British parties hail 'positive' power-sharing talks

9th May 2010, Comments 0 comments

Britain's Conservatives and Liberal Democrats held "very positive" power-sharing talks Sunday, seeking to break the country's post-election stalemate, they said.

After more than five hours of discussions, senior Conservative negotiator William Hague said the two parties' teams would meet again within 24 hours after briefing their respective leaders on the talks.

"We've had some very positive and productive discussions over many key policy areas," Hague told journalists, adding that they intended to meet again over the next 24 hours.

He said the issues they covered included political reform, the economy and the reduction of Britain's huge deficit, banking reform, civil liberties and environmental issues.

"We are agreed that a central part of any agreement that we make will be economic stability and a reduction of the budget deficit," Hague added.

Liberal Democrat lawmaker Danny Alexander, who emerged with his party's negotiators, said the talks had been "useful" and confirmed the plan to meet again within the next day.

"Any agreement made will have deficit reduction and economic stability at its heart," Alexander said.

Fears have been expressed that the pound could fall when jittery financial markets re-open Monday in the absence of any power-sharing deal.

The general election Thursday resulted in the first hung parliament for 36 years after David Cameron's Conservatives won the most seats but came up 20 seats short of an overall majority.

Cameron invited the third-placed Liberal Democrats led by Nick Clegg to start talks on forming a new government and both sides have stressed their willingness to do a deal.

Clegg has hinted his party may even compromise on their key demand of electoral reform.

Prime Minister Gordon Brown is still leading the country, despite the fact that his Labour Party crashed to electoral defeat and he is facing calls to step down.

It emerged that Clegg met Brown on Sunday for what Labour and Lib Dem sources described as an "amicable" discussion. Labour could yet make a deal with the Lib Dems and fringe groupings if the talks with the Tories collapse.

Speaking outside his London Sunday before his negotiators held the latest round of talks with the Tories, Clegg said he was "keen that the Lib Dems should play a constructive role at a time of great economic uncertainty".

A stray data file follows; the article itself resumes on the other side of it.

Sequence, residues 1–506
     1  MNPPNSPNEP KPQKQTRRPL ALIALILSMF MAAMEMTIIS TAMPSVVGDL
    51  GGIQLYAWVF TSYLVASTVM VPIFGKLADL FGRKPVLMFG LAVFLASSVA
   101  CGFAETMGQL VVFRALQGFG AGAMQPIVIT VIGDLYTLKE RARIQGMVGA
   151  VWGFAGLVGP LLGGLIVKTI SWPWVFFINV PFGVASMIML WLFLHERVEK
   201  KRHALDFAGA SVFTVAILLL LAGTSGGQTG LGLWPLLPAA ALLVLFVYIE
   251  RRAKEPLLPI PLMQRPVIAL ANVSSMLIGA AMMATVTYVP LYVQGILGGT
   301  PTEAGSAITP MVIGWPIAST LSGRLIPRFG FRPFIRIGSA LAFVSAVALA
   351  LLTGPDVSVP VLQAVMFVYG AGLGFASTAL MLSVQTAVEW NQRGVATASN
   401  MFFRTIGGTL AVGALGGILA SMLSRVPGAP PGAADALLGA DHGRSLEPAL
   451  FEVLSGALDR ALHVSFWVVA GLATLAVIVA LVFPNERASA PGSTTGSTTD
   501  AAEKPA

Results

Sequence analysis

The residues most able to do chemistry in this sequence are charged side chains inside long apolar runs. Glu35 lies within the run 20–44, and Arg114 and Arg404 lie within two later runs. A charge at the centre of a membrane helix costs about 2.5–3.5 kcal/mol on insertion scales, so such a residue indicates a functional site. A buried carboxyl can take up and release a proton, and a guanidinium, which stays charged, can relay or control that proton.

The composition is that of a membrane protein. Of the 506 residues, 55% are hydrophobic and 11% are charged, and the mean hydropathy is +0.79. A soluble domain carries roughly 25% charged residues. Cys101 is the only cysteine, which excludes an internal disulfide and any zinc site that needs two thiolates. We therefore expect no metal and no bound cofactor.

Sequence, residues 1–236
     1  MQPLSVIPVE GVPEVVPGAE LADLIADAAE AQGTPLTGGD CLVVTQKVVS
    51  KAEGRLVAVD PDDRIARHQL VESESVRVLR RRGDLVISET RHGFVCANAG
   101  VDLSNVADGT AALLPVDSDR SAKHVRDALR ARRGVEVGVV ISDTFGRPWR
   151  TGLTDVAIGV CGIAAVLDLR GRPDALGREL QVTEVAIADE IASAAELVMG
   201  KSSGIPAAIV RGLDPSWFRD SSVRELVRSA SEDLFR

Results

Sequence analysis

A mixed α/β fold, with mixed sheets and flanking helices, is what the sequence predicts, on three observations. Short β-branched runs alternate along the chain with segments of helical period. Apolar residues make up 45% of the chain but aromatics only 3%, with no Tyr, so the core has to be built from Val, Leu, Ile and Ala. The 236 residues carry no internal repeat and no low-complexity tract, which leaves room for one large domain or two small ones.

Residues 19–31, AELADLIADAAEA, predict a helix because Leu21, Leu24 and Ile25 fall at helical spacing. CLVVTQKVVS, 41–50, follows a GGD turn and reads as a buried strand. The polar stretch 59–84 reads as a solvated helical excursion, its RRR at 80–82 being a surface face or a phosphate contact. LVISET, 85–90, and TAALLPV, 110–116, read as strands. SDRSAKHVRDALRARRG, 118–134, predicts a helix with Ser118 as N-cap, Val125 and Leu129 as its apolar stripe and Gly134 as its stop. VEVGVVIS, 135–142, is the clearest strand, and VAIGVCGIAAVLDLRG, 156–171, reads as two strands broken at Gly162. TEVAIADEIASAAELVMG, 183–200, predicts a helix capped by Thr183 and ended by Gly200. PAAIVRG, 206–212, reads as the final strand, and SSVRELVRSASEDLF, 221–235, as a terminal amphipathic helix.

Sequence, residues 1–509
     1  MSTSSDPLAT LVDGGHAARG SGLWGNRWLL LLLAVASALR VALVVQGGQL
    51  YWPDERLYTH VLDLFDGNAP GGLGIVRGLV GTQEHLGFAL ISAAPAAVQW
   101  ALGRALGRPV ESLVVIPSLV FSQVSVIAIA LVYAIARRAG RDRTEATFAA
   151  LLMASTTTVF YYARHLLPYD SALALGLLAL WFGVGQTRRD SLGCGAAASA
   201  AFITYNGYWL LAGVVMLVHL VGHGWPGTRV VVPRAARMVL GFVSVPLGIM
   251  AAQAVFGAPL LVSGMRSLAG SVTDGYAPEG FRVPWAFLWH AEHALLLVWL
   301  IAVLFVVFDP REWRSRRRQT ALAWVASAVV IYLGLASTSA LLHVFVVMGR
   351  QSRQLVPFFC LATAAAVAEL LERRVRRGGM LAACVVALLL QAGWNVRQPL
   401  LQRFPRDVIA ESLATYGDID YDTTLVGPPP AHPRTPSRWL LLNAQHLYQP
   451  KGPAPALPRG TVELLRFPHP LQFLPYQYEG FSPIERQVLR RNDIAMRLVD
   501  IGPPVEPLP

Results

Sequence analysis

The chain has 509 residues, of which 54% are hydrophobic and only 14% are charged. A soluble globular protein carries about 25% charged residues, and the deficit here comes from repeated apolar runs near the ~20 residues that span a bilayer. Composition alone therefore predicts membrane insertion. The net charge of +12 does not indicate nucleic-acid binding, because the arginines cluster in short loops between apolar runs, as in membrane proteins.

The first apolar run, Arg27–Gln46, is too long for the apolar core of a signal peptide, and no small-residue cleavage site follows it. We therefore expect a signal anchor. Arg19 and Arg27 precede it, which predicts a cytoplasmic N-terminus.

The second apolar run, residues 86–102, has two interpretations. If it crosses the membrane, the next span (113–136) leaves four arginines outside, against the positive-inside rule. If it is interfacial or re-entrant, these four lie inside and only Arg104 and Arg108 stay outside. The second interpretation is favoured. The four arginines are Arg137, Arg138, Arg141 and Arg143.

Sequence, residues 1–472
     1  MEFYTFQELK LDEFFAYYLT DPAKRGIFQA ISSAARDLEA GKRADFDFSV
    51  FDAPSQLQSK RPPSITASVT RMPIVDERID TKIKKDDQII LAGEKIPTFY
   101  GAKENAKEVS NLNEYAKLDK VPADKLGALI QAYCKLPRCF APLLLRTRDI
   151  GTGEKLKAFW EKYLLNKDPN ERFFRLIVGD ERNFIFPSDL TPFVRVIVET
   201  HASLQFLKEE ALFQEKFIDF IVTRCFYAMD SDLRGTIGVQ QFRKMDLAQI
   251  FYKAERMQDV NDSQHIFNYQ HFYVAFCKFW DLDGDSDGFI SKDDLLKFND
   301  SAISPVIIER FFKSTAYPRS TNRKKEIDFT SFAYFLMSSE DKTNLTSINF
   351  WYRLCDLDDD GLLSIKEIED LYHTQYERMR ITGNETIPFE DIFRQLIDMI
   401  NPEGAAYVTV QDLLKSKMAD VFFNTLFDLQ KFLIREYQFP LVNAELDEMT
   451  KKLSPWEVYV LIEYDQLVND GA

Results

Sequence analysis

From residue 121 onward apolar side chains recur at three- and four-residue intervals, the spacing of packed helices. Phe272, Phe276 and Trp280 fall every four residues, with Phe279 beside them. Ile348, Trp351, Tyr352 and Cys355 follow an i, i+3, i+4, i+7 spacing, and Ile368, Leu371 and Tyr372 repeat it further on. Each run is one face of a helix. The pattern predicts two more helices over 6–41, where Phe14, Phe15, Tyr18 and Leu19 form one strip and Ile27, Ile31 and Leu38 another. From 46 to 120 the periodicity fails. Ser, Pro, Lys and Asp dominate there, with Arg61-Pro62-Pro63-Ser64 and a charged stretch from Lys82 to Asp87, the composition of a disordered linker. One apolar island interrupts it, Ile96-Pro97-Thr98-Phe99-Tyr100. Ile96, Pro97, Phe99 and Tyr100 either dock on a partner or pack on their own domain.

He also indicated his party could be willing to compromise on one of its demands, electoral reform. Listing key priorities, he stressed simply "extensive fundamental political reform".

This contrasts with his repeated calls on the campaign trail to ditch Britain's first-past-the-post system for proportional representation, which would favour the Lib Dems.

Cameron told supporters in an email Saturday that "these negotiations will involve compromise" and the two sides "won't rush into any agreement".

Despite the negotiations and a Sunday Times/YouGov poll which suggested 62 percent of people want him out of 10 Downing Street now, Brown signalled he means to fight on.

"My resolve has not, and will not, change," Brown wrote to Labour Party members.

"I pledged to do everything in my power to fight for the people of this country -- to secure the recovery, to protect their livelihoods and to continue to fight for a future fair for all."

There has been talk that Brown, whose party has been in power for 13 years, could be replaced by a figure like Foreign Secretary David Miliband if the Tories and Lib Dems reach agreement.

The centrist Lib Dems are seen as closer to centre-left Labour in most policy areas and there have been warnings that it may not be easy for them to secure a deal with the centre-right Conservatives.

Former Lib Dem party leader Paddy Ashdown, who met Clegg for talks Sunday, told the BBC there was a "mountain to climb" if they were to forge an agreement.

Any alliance involving the Lib Dems has to be first approved by their lawmakers, the ruling executive and potentially their full membership in a complex system known as the "triple lock".

If a deal cannot be done with the Lib Dems, Cameron is prepared to try to rule as leader of a minority Conservative government, relying on ad hoc support from smaller parties.

© 2010 AFP

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